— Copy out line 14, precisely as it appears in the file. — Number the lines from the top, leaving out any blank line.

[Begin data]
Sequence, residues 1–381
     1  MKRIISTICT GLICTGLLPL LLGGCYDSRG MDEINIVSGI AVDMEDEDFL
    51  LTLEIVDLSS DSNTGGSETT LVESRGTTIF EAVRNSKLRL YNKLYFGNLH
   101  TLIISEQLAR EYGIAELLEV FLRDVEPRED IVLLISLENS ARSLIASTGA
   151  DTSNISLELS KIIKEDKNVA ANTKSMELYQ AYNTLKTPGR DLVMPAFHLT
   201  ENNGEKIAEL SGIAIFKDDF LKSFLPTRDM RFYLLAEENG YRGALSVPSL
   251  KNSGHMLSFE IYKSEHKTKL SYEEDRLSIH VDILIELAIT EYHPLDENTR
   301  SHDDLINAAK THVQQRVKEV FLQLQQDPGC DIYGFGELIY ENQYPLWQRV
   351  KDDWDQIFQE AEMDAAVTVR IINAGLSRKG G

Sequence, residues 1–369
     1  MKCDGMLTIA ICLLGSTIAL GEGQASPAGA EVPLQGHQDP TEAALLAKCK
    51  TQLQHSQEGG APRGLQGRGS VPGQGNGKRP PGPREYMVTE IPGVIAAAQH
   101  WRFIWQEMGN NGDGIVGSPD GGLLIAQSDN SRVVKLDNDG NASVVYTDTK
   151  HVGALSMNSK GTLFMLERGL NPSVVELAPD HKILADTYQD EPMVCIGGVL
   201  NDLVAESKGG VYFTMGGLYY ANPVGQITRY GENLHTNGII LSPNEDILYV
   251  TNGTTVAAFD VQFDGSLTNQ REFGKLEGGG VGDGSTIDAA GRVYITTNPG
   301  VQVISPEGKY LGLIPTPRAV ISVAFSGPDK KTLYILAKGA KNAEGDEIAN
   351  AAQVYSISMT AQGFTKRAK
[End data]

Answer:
   151  HVGALSMNSK GTLFMLERGL NPSVVELAPD HKILADTYQD EPMVCIGGVL